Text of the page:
GELLERMAN: I guess you call it, not a boycott, but a buycott.

SCHULKIN: Yeah, I mean, Carrotmob is basically the opposite of a boycott. You know, in a boycott, you say, ‘alright, we’re not going to spend any money at this business until you change.’ But a Carrotmob you say, ‘we’re going to ask all of you businesses to compete to say who is willing to do the most socially responsible thing, whatever we ask.

And, whoever wins, we’re all going to come and spend money- we’re going to mob you with spending.’

GELLERMAN: How do you ensure that the company or the business that says that it’s going to do something socially beneficial actually does something.

SCHULKIN: I used to worry about that. I thought it was sort of the Achilles heel of this movement. I don’t anymore. And, the reason is that almost all of these businesses are in it- some are in it for the cash- but a lot of them are in it for the reputation, the long-term value of being seen as this great business in the community.

And, if you’re in it for the reputation, you know how harmful it would be if you then said, ‘haha, just kidding, we didn’t follow through, suckers!’ We just haven’t had any problems, and we’ve now had 112 or so campaigns and there’s never been a problem with it. So, I don’t worry about it anymore.

GELLERMAN: So, you’ve had over a hundred Carrotmob campaigns, any quantification of the results?

SCHULKIN: Well, yeah, most of the campaigns so far have been focused on energy efficiency. The best estimate that we have is that I think we’ve saved around 18 million kilowatt hours of electricity. But, this is not our own, exact data, this is just some projections that we have, so, as we raise money we’re going to be building out some better tools for measuring our impact.

GELLERMAN: Does this work principally with small stores, or could you use it for big box stores as well?

SCHULKIN: Ah! Well, you’re barking up the right tree! So, we want to make an enormous network of people. I’m not going to be satisfied with a million people, I want, you know, five, ten, twenty, fifty million people.

The reason is, if you can get that many million people in this network, you could do Coke vs. Pepsi, Nike vs. Reebok, you could start retrofitting and changing policies at some of the world’s most powerful companies.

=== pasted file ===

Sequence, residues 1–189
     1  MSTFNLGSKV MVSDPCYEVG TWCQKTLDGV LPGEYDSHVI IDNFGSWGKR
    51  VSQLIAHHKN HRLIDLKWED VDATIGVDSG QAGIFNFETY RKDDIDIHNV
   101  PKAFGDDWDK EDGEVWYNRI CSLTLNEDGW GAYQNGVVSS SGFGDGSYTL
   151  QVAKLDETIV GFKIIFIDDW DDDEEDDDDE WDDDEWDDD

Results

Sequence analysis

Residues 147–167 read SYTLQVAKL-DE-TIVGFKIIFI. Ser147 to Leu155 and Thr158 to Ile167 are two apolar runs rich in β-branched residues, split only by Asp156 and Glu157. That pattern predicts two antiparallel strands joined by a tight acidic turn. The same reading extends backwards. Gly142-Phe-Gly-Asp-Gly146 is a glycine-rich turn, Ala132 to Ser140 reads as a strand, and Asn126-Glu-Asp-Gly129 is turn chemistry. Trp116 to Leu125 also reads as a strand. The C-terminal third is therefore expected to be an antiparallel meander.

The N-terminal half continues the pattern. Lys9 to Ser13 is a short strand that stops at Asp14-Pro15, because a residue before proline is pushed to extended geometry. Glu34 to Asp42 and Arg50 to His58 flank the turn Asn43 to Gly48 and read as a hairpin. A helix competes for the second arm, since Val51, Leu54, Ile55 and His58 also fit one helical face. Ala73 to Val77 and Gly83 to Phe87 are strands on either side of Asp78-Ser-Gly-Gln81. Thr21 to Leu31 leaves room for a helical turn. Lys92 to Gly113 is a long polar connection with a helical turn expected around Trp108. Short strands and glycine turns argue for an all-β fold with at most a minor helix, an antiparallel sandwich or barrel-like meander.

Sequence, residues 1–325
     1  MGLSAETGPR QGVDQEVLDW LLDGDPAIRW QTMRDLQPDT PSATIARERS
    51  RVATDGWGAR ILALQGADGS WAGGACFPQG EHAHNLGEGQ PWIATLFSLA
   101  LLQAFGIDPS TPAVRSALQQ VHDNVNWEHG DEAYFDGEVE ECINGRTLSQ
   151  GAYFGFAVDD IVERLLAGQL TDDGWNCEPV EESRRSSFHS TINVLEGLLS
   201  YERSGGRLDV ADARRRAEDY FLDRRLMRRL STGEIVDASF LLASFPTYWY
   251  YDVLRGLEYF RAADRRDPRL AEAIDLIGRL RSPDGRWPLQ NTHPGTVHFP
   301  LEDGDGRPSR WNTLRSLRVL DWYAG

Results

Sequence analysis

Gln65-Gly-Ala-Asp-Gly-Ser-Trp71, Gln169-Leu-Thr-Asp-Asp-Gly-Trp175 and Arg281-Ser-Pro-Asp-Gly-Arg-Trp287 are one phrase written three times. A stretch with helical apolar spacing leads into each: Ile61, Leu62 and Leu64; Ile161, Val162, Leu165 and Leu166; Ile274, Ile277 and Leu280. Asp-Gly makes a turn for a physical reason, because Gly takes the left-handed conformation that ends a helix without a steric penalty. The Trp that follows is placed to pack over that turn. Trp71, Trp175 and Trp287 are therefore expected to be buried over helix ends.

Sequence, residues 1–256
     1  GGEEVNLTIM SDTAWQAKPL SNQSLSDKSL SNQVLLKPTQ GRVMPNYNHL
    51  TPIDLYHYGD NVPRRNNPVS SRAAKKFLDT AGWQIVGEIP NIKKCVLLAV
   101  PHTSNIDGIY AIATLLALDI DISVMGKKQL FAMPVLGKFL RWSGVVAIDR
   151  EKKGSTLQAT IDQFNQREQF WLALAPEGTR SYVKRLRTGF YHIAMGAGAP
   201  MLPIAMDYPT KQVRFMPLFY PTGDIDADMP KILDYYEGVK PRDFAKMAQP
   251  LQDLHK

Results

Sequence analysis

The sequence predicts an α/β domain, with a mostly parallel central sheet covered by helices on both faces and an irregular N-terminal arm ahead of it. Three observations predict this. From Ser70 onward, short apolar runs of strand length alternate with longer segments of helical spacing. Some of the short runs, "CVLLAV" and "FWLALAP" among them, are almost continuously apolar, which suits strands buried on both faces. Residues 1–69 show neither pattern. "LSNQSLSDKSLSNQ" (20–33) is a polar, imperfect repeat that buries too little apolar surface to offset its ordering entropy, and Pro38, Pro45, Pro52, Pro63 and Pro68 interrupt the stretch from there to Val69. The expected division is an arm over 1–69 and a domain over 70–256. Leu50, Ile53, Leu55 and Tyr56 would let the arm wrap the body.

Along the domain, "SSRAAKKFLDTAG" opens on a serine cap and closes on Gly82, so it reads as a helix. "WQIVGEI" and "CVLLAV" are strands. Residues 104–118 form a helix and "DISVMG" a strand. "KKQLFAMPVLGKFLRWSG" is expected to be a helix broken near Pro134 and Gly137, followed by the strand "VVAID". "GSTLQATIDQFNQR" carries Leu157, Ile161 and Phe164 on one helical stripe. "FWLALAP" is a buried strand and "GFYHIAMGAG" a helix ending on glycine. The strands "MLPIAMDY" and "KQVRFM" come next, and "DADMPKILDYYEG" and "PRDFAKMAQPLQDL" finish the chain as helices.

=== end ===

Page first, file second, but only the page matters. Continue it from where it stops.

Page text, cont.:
GELLERMAN: Actually I could see this being a lot of fun, you have these mobs swarming to a store and turning into, really, kind of a pleasant community activity.

The Carrotmob buycott spread quickly to other San Francisco stores. (Photo: Carrotmob)

SCHULKIN: Yeah, and you know, one other sort of fun idea that I have been mulling is- imagine SuperBowl 2014 comes along and all across America we’re having these big SuperBowl parties as Americans do, and what if we said- we’re all going to buy either Miller Light, Coors Light or Bud Light for our SuperBowl parties- which is going to be a whole lot of beer. Which of those companies is willing to have a wind-powered brewery?

Or you know, maybe it’s a new maternity leave policy- we could ask for anything. That’s the type of campaign- how fun would that be? Who wouldn’t join in on that sort of campaign? And that’s, you know, I think there’s such a broad appeal to this movement, it’s so easy to get involved that I hope that we can have everyone join the network and we can grow the network to the point where those things are possible.

GELLERMAN: Well, Brett, thank you very much. It’s fascinating!

SCHULKIN: Well thanks Bruce, I’m glad I was able to spread the word a little bit!

GELLERMAN: Brent Schulkin is founder of Carrotmob. To find out more visit our website, L-O-E dot org.

[MUSIC: Jazzanova “Fedimes Flight (Kyoto Massive Remix) from Remixed (Sonar Kollectiv 2003).]